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Lewes, Delaware
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August 14, 1998     Cape Gazette
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August 14, 1998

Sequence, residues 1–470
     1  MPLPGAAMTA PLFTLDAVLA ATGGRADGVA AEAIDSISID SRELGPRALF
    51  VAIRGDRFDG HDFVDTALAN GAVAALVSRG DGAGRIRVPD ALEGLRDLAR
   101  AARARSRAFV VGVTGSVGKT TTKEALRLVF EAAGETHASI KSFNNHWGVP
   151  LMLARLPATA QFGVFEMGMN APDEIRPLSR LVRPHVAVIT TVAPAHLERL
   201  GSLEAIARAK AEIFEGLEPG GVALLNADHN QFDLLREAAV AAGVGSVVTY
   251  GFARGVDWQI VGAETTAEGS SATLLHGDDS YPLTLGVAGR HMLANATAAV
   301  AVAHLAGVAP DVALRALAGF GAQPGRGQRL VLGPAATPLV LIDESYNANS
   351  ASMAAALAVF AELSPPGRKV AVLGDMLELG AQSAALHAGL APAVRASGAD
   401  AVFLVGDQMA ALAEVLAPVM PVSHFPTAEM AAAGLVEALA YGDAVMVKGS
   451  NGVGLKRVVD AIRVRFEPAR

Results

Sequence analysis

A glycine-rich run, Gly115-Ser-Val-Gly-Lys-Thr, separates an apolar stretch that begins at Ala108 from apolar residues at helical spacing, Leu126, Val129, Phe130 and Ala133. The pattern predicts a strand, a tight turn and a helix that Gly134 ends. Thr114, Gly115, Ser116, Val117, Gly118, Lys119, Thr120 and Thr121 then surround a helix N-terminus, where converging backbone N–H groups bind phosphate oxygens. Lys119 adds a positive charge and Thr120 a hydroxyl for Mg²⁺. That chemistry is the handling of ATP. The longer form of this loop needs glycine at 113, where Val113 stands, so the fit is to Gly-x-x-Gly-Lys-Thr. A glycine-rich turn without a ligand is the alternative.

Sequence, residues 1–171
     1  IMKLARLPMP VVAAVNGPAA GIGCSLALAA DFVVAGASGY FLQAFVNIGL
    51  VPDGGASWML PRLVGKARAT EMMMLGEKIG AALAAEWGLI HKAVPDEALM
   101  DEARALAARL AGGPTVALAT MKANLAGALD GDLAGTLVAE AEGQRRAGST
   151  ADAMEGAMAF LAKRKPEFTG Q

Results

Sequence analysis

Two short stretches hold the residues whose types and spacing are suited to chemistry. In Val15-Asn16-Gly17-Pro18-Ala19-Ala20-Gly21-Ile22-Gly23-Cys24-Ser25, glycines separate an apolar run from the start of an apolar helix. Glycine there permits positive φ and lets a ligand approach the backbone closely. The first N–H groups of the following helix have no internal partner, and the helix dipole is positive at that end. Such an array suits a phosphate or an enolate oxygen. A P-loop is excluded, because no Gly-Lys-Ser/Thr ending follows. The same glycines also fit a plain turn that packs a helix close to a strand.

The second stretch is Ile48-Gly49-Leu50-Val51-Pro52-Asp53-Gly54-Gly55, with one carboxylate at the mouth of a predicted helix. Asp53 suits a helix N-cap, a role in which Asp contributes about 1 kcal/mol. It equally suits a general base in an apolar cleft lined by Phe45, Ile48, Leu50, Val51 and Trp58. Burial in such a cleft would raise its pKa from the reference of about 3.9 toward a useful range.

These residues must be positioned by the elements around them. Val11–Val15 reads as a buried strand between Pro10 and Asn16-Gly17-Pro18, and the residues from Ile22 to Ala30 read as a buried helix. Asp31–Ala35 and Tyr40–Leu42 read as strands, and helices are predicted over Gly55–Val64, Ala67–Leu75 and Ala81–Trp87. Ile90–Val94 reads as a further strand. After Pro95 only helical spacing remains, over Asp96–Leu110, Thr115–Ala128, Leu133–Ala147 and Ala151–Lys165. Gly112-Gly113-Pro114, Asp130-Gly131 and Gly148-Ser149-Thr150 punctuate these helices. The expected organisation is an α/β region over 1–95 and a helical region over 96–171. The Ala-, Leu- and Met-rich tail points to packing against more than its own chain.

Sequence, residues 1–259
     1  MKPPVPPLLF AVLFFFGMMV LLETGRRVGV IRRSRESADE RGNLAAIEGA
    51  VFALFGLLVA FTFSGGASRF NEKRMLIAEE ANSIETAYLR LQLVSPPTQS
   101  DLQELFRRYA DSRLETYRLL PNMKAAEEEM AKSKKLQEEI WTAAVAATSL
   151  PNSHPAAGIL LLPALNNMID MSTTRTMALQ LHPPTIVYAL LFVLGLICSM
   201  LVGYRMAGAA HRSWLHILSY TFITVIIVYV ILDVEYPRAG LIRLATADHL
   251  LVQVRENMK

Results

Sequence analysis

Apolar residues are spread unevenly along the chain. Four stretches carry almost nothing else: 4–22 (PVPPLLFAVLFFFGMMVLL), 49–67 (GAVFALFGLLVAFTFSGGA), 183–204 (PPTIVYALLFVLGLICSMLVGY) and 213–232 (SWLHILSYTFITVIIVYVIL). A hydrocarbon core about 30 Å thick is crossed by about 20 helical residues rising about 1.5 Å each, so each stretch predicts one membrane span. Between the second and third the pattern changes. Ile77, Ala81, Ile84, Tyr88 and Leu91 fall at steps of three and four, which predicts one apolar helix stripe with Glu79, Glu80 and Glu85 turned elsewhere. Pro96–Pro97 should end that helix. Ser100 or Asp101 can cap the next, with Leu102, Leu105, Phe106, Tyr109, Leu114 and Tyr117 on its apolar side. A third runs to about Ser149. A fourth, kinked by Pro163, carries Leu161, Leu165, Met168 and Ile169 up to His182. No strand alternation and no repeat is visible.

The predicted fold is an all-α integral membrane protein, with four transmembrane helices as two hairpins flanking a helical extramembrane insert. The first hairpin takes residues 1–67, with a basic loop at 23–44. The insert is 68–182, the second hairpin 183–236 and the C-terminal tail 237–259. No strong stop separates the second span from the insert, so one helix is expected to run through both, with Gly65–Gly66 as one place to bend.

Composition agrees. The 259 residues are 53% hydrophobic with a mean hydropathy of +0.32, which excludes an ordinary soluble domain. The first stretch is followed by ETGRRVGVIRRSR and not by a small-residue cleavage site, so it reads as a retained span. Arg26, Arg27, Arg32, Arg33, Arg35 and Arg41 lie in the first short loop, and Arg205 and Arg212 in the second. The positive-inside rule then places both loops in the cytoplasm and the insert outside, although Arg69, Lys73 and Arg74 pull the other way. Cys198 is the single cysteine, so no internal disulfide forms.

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CAPE GAZETTE, Friday, August 14 - August 20, 1998 - 61 Submitted photos Sussex Tech Adult Division honors apprentices during graduation ceremony The Sussex Tech Adult Division and the Delaware Depart- ment of Labor honored several adult students who completed four years of on-the-job training and classroom instruction in their chosen trade. The newly certified journeypersons, above, left, are in back (l-r) Rep. John Shroeder;, Paul Ryan, Seaford; Shawn Wingate, Seaford; Jim Williams, Seaford; Har- vey Atkins, Millsboro; and John Elliott, Georgetown. In the third row are Christopher Harris, Millsboro; Denny Harrold, Bridgeville; Mark West, Frankford; Rodney Butterworth, Millsboro; and Alphonso Blackwell Jr., Bridgeville. In the second row are Keith Dorey, Millsbore; Patrick Grimes, Bish- opville; Herold Lamontagne, Laurel; Pascal Flores III, Salis- bury; and Mike Benefield, Department of Labor. In the front row are Branson Dixon, Salisbury; Jimmy Hill, Salisbury; Kevin Casey, Seaford; and Jeffrey Evans, Millsboro. Above right, Perdue Farms of Georgetown received the Em- ployer Service Award for its support of the apprenticeship program. Shown are (l-r) Wayne Meluney, director of Sussex Tech Adult Division; Dave Hodgson, maintenance manager;, Chip Wilson, human resources manager of Perdue Farms; and Eric Barkley, year-one apprentice in Industrial Maintenance Mechanics. Sussex native receives UD ]00i>:cellence in Teaching award Four members of the faculty of the University of Delaware were honored with Excellence in Teaching awards at the close of the spring semester. The four Newark residents are Dewey M. Caron, professor of en- tomology and applied ecology; Ivo Dominguez, associate profes- sor of foreign languages and liter- atures; Bethany Hall-Long, assis- tant professor of nursing; and Ajay K. Prasad, associate professor of mechanical engineering. Each of these faculty members received a $2,500 award to em- phasize the importance of excel- lence in teaching at the university. The excellence in teaching re- cipients are selected on the basis of student evaluations and nomi- nations. Bethany Hall-Long is a first- generation college graduate from Sussex County. As a girl, she was inspired by her parents and grand- mothers to pursue higher educa- tion. . "Although my family was not formally educated, they had high expectations and offered encour- agement to go to college. Neither of my grandmothers had graduat- ed from high school, but they al- ways lectured me on the impor- tance of a woman being educat- ed," said Hall-Long. "Like many professors, I have had great mentors and teachers, but one nurse educator and mentor stands out in my mind as being the central influence in my decision to teach vs. becoming a nurse admin- istrator or continuing to work in health policy. This person is Catherine Malloy, a professor at George Mason University. She taught me first at the Medical Uni- versity of South Carolina, and en- couraged me to pursue doctoral Subscribe to the Gape Gazette Call 645-7700 studies at a very young age for a nurse. She always fostered my in- tellectual ability and remains an enthusiastic supporter. When I was 25, she hired me as a lecturer in nursing and forever changed the course of my career." Hall-Long says humor and flex- ibility are the two essential ingre- dients for successful teaching and recalls an incident where both came into play "Once when I was being taped and broadcast live for a televised class, three of my students, who were off-camera, decided to jump up and do the macarena! Talk about having to he flexible!" Hall-Long is also proud of a tra- dition, at the end of her communi- ty health nursing rotations - three days of what Hall-Long calls "teacher pride and high." "This is the moment when you see that the students have not only integrated complex knowledge and made a significant impact on the health of a population, but are truly in awe of their personal learning experience and celebrate this with their peers and precep- tors as well." A graduate of Indian River High School, Hall-Long is the daughter of David and Carolyn Hall, 'the spouse of Dana Long and the mother of Brock Long. She received her bachelor's in nursing from Thomas Jefferson University, her master's in nurs- ing from the Medical University of South Carolina and her doctor- ate in 1993 from George Mason University. West's Produce Route 16 1/4 Mile East of Route 1 Minutes rom Lewes G" Rehoboth Open 9 to 6 684-3o85 Dcli DELl SANDWICHES SALADS , STEAKS Italian Specialty Foods Fresh Rolls " DELI LUNCH SPECIALS AVAILABLE MON. - SAT. 3" 227-SUBS (7827) Rt. 1 Lighthouse Plaza (next to Kmart) Call between 8-10:30 a.m. for Office Lunchtime Delivery to Lewes/P, ehobolh Areas. Or visit our Peddlers Village Location on Rt. 24 945-8300 Call between 8-10:30 a.m. for Office Lunchtime Delivery to Longneck/Millsboro/Georgetown Areas DMS raises funds Delaware Music School raised $2,200 with a raffle held at the close of its annual Performathon, at the Milford Hospital Fair. Todd Wise of Greenwood won a Castilla acoustic guitar donated by B&B Music of Camden; the Orr family of Millsboro won a Yama- ha keyboard donated by Milford Music Center; and a print, "Old Dover Days," by artist Carolyn Anderson and donated by the Raubacher Gallery in Dover, was claimed by Gwynne Hoffecker of Wyoming. Kindermusik students sold about 60 percent of all raffle tickets. The music school has also been busy with its renovation of new multipurpose studios in the Bea- con Motel on Savannah Road, Lewes, which is used for early childhood programs and private lessons. Helping to fix up the studio are Donoway Furniture Inc. of Ocean City, Md., and Zacharias Con- struction of Lewes. For more information, call the DMS at 422-2043. f- N Pick-Your-Own-Fruit TONS OF GIANT THORNLESS *pick 6 quarts or more* $1.501Qt (reg. 81.85 or $1.66 with St. Disc.) *** COMING SOON *** TANGY RED RASPBERRIES ** Ready Picked Fruit Available ** RYAN'S Berry Farm & Orchard Open 7 a.m. 7 Days a Week In b v 7p.m.. Pick 'til 8 p.m. LEWES/REHOBOTH: At RT. 1, take Rt: 24/30 thru Millsboro. Cross RT. 113 and Go STRAIGHT on Rt. 30 for 6 miles. Take L onto Rt. 26. Go 1 mile to right on Blueberry Lane. Right 1 mile to farm. BETHANY: Rt. 26 W to Clarksville. At stoplight & St. George's Church, go straight to Frankford. R onto Main St. Take 4th L onto Daisey Street. Cross RT. 113 to Blueberry Lane. Go 5 miles to farm. MILLBORO: West on Rt. 24/30, 6 miles. Left onto Rt. 26. Go 1 mile & right onto Blueberry Lane. Go 1 mile to the farm. PLEASE call for picking conditions or to place ORDERS. FIELD PHONE: 238-7776 %,. Frankford, DE .j